Tai Chi is quickly becoming a household name in modern-day health and wellness. It has been described as both a “moving meditation” and a “moving medication”. This ancient art form of healing, relaxation and self-defense is a vital part of traditional Chinese medicine and migrated to the West over the past several decades. The mind-body practice of Tai Chi has been growing steadily in popularity throughout the world as both a wellness practice and an adjunct therapy in the treatment of disease. Reputable university and clinical studies, including Harvard Medical School, are validating Tai Chi for its many health benefits, safety in practice, and cost effectiveness.
The method of practice for Tai Chi, specifically as an exercise form, is a sequence of slow, coordinated movements. These choreographed forms come in five main styles, created and handed down through centuries of Chinese masters. The most common of these is the Yang style, from which the Chinese Sports Committee created the standard 24-movement short form, and making it the country’s official fitness program in the 1950’s. The practice is low-impact, and develops mental focus, effective breathing patterns along with a style of movement that cultivates relaxation throughout the body. The mindfulness and meditative components of the practice are nurtured as the mind, body, breathe and movements flow together from one movement to the next. Tai Chi is literally translated “supreme ultimate” and speaks to the complimentary creative forces in the universe: yin and yang. According to traditional Chinese medicine, when yin and yang come together they create inner movement. While practicing Tai Chi, these forces effectively move vital energy (“chi”) and blood through the body and create a more balanced and healthy person.
The benefits of Tai Chi are widespread. In terms of general wellness, the practice results in increased flexibility, muscle strength, coordination and balance. It has been shown to slow the effects of aging, boost immunity, decrease anxiety, lower blood pressure and provide a natural solution for stress. There is ongoing study in Tai Chi’s impact on brain plasticity, the development of specific areas of the brain, and memory. The initial findings suggest an improvement in mental focus, clarity, and memory as is also seen in mindfulness meditation practice. Further, Tai Chi is being used as an adjunct therapy in the presence of many disease states, including: Parkinson’s, Osteoarthritis, Heart Disease, Dementia, Chronic Pain, Fibromyalgia, and Cancer. Again, the general physical benefits above would apply in these conditions as well as the psychological and emotional advantages of improved mood, increased quality of life and the social benefits of exercising in a group setting with consistency.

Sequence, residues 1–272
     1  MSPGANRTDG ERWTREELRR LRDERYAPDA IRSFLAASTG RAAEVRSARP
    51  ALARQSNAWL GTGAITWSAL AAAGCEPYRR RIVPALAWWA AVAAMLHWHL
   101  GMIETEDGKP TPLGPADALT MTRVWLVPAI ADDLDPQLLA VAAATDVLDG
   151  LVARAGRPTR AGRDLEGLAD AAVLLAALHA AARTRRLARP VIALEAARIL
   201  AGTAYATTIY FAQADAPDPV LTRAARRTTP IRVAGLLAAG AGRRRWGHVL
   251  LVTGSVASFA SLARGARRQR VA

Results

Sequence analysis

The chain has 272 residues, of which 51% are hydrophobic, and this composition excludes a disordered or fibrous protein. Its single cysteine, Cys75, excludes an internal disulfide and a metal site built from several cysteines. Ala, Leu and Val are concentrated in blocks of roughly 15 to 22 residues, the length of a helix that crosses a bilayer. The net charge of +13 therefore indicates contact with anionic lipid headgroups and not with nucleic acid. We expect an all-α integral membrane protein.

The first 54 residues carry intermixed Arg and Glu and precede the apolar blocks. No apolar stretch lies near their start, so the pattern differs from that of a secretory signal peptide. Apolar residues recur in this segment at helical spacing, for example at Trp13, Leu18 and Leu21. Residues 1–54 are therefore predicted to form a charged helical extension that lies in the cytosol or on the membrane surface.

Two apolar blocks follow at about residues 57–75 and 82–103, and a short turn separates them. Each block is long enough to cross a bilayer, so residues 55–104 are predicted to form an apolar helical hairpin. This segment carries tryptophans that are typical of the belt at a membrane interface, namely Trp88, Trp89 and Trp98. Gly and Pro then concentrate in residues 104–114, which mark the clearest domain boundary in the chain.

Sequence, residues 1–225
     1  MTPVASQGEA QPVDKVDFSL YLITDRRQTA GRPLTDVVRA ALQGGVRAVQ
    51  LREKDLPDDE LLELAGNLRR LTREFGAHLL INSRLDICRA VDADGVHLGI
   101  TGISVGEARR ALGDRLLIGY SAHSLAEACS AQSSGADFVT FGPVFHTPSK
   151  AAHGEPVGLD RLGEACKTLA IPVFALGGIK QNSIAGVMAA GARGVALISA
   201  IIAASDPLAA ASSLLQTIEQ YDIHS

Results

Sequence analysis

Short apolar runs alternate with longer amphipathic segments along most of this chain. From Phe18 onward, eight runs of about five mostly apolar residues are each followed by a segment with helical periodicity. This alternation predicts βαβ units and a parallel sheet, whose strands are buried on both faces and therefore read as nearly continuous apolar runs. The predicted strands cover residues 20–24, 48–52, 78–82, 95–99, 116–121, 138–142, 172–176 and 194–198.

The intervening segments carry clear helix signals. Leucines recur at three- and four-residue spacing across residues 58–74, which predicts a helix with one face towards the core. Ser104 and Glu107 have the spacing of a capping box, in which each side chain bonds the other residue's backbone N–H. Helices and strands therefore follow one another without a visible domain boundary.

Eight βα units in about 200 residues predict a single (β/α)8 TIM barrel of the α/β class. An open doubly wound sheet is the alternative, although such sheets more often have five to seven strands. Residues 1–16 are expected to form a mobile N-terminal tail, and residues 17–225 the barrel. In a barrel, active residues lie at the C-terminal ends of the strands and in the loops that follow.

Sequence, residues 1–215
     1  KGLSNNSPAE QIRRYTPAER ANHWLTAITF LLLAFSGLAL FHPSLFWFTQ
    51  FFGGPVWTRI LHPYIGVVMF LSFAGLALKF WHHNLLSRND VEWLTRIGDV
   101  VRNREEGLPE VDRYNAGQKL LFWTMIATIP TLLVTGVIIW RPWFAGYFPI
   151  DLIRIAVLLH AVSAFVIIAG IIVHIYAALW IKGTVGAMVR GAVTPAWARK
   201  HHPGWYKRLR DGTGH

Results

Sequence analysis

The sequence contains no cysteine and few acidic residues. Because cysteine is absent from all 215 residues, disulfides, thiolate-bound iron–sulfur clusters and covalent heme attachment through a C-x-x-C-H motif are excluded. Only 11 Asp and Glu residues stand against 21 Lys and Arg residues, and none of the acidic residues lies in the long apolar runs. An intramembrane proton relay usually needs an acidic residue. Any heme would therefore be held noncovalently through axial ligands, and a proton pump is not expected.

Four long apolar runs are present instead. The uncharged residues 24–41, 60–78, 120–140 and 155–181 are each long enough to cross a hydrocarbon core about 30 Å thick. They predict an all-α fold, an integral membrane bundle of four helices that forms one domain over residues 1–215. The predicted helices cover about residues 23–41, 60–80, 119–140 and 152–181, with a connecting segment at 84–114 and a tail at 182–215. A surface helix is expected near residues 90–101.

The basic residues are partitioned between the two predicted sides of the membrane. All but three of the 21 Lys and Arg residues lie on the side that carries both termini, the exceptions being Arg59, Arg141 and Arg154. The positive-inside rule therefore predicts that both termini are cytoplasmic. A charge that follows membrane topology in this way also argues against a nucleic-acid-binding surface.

The appropriate age to begin practicing Tai Chi is whatever age you happen to be! Because the movements are gentle on the joints and safe for all ages, there is a growing trend for use with the elderly population. One of the greatest benefits for this population is the improvement in balance and a decreased risk for falls. A recent review of ten independent studies by the University of Jaen, Spain, and published in the Journal of American Geriatric Society, reports a decreased rate of falls in the elderly by 43% after one year of Tai Chi practice. This is substantial and addresses the statistic that falls are the leading cause of death from injury among 65 years and older. Further, when an elderly person suffers a fall, their hospital stay is twice the length of the same aged patient admitted for any other reason. With the annual rate of falls at one-third of those 65 years and older, and two-thirds of those who fall will fall again within six months, Tai Chi is a practical, appropriate and cost-effective solution to this staggering problem.
My own discovery and practice of Tai Chi began 4 years ago. I was then aged forty-three, and not targeting prevention of falls, but exploring the aspect of meditative movement and exercise with regard for the whole person. I have been exposed to a wide range of movement, exercise, rehabilitation therapies, and art-forms in my life. I can honestly say that Tai Chi brings something new and deeply meaningful to the “arts and wellness” table. It cultivates a calm and balance at every level, while teaching the body to move in a way that releases tension and fatigue. Tai Chi is something I practice for all seasons: to enjoy a beautiful art form of movement, to center myself when feeling overwhelmed, to nurture myself in health, illness and injury, to relieve stress and strain in my mind and body, and to engage the amazing connection and communication that our minds and bodies share. I will be a student of Tai Chi for the rest of my life. It is not a practice of obtainment or arrival, but one of “play” and deepening discovery. You are invited to “play Tai Chi” and find out for yourself how valuable this practice can be.
Mary Gilliam, PT, MHS, CPI, CYI
Co-Owner of Arts and Wellness of Edenton